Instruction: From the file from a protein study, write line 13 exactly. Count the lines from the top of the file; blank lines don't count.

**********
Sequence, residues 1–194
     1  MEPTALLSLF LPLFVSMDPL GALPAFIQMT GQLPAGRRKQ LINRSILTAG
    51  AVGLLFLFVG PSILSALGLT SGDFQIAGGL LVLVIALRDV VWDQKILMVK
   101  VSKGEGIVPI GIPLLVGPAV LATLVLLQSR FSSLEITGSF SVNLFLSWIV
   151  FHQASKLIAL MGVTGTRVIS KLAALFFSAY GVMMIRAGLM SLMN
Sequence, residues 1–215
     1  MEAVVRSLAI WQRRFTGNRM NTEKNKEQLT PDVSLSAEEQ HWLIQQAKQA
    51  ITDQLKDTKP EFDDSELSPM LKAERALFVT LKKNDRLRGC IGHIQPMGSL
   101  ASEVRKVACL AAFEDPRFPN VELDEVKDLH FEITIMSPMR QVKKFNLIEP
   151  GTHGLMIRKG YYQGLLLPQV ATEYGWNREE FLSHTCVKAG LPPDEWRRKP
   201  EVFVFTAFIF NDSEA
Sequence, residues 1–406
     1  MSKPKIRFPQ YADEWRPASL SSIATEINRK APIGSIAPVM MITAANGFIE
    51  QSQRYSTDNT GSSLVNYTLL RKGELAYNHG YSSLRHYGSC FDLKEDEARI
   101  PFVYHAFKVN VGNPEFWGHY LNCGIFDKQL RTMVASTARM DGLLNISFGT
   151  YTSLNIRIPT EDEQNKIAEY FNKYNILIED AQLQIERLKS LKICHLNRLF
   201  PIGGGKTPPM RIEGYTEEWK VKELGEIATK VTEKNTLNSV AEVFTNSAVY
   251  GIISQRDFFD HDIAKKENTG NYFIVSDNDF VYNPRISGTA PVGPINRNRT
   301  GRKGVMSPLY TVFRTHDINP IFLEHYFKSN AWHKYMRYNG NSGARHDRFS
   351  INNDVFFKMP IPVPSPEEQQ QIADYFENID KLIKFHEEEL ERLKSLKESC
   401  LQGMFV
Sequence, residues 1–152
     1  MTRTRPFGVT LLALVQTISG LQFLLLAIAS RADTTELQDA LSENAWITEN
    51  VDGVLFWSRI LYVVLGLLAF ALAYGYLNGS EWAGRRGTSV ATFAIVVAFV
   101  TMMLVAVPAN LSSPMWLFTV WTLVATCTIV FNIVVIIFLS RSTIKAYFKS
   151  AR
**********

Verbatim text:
     1  MSKPKIRFPQ YADEWRPASL SSIATEINRK APIGSIAPVM MITAANGFIE